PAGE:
The greatest writers have supreme vision. The lenses of Tananarive Due, Rod Temperton and Tarik Trotter support this. I’ve always coveted their sight. It’s why my greatest gift during 2020 was the sharpening of my third eye. Space offered me the patience to sit, observe, dialogue with myself and investigate purely to quench my curiosity. Clarity strengthened my frequency and heightened my instincts. Never before had my gut been a brighter beacon. Before I knew it, my hunter was more ravenous and efficient. The kills grew in size; enough to keep feeding both myself and those with whom I was in business.
Then George Floyd died and the country set fire. It immediately brought me back to 2014 and Ferguson’s volatile protests. I recall my friends flying into St. Louis to support and document while I felt grounded in New York. So after Floyd’s death, I joined a couple protests throughout NYC. My vision, though, was locked on the rest of the country. Never before in U.S. history had every state marched at once… for Black lives. White allyship was unprecedentedly active. Caucasians as the loudest and boldest was a sight to behold. At the time, I wondered if this was truly an American awakening or a mass reaction to pandemic-attributed cabin fever and late spring temps in the 70s? Turned out to be both.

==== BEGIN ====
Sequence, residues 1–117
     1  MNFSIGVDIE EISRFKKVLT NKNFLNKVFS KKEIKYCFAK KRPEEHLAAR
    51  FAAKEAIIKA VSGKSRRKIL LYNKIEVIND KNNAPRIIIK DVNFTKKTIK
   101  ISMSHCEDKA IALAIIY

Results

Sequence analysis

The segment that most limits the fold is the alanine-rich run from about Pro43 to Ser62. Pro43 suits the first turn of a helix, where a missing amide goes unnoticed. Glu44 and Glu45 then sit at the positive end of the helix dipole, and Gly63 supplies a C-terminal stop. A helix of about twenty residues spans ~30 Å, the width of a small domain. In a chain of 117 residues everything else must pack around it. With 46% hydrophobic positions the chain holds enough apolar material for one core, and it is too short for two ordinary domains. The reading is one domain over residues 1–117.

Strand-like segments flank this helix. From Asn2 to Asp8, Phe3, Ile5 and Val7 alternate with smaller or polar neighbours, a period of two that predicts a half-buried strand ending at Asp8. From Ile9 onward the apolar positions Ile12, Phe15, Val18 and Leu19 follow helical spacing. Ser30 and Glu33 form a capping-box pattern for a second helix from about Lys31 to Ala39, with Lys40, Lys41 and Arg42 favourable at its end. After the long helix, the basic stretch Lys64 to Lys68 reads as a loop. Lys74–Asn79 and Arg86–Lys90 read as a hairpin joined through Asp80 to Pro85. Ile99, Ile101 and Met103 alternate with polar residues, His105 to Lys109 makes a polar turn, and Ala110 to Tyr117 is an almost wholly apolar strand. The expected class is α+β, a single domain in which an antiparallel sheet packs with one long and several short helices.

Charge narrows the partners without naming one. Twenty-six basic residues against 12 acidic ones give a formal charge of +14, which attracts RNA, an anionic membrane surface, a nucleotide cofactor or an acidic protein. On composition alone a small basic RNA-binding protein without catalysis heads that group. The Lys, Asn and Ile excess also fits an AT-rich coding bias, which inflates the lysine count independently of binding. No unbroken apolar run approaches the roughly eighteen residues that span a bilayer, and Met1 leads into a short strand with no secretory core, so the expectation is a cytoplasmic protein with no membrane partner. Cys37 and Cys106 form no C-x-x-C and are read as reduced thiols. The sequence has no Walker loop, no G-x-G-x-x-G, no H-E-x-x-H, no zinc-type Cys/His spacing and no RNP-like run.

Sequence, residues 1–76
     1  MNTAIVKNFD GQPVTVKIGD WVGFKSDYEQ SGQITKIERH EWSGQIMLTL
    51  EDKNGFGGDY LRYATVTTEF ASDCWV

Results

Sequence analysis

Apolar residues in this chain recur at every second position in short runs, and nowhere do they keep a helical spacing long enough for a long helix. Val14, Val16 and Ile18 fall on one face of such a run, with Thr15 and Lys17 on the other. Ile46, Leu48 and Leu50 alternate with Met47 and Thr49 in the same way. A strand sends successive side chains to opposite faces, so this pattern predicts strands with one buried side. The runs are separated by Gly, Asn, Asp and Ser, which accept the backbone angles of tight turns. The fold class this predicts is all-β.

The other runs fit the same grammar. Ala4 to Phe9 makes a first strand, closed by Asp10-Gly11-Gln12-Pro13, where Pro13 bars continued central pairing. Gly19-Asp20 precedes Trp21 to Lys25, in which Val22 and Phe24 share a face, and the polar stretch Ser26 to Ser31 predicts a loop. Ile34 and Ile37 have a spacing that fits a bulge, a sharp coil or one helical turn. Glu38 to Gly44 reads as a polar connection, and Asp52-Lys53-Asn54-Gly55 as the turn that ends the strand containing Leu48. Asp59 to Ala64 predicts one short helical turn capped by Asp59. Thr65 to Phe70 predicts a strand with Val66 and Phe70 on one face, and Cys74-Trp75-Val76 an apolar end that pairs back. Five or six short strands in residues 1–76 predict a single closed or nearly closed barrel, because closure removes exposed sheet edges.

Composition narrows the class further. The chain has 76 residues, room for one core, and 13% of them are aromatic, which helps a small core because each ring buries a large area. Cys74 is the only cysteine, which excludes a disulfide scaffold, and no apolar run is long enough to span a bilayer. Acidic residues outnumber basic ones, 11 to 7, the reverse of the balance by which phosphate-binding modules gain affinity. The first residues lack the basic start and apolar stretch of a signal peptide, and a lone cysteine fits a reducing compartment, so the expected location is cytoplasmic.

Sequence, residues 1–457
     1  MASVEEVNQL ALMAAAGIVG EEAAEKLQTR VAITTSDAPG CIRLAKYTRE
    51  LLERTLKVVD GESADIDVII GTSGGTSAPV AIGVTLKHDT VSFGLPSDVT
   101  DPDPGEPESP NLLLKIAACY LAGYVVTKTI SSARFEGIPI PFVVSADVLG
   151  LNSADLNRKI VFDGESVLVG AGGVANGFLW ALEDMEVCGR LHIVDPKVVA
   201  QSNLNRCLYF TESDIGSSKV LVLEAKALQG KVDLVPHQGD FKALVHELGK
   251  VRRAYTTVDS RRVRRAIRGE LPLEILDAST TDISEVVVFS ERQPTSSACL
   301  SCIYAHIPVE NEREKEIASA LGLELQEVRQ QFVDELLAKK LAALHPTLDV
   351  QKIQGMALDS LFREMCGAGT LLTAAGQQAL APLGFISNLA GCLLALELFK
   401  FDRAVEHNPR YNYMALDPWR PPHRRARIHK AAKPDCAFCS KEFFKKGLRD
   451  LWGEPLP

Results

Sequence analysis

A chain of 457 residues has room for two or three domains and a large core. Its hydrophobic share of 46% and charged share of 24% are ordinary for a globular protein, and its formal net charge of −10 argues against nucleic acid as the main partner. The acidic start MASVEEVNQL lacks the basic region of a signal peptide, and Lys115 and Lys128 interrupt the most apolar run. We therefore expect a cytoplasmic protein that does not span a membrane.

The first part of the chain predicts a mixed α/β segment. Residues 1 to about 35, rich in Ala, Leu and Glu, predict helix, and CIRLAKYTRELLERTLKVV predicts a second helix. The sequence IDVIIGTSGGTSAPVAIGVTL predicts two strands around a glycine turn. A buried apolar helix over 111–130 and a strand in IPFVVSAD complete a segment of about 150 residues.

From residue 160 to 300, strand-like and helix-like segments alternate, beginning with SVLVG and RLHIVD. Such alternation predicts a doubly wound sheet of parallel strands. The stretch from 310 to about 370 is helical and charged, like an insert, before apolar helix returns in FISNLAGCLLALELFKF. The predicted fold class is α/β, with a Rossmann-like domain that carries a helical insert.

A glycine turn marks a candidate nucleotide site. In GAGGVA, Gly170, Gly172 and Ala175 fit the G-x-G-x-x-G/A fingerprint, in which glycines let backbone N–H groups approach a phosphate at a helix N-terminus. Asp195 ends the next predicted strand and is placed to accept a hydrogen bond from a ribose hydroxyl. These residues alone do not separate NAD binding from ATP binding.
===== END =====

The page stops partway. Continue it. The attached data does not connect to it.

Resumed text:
After attending a march in Brooklyn the first week of June, I dropped everything and took my first flight since the pandemic began. I needed to go where the nationwide blaze began: Minneapolis. My first stop from the airport was the corner where George Floyd was murdered, E 38th Street and Chicago Avenue. I returned the following day and met men who helped burn down the Third Precinct, then volunteered time and semiautomatic rifle and pistols to protect Floyd’s memorial from White supremacists. During my third of four visits, I met Rashad West, the owner of the Asian restaurant across the street from Cup Foods — the last store Floyd patroned before his death. West had presented security camera footage of an arrested George Floyd prior to his death. The media was only concerned with West’s views on Floyd and racist police. I saw more — the beautiful story of a Black business owner, father, husband, son and community hero who didn’t start his business with illegal money or grow up in a fatherless home. It was a profile rare in today’s media. Ultimately, I unearthed gold to the tune of more than 87,000 readers. Having the space to quench a personal thirst positioned me to bring a feast home to my team.
If 2020 has affirmed anything for me, it’s that writers like African leopards need time and mental space to see and feel the entire Serengeti. Patience allows a baby impala to drink from a staked brook unscathed so that your family fills up on Wildebeest instead. Moreover, a sharpened lens can offer the greatest perspective when turned inward. The pandemic also allowed me to take inventory of my own terrain. To witness how my spirit moves throughout the day; to observe its variety of shimmers under the moving sun. The better I see myself, the clearer I see others. A journalist couldn’t ask for much more.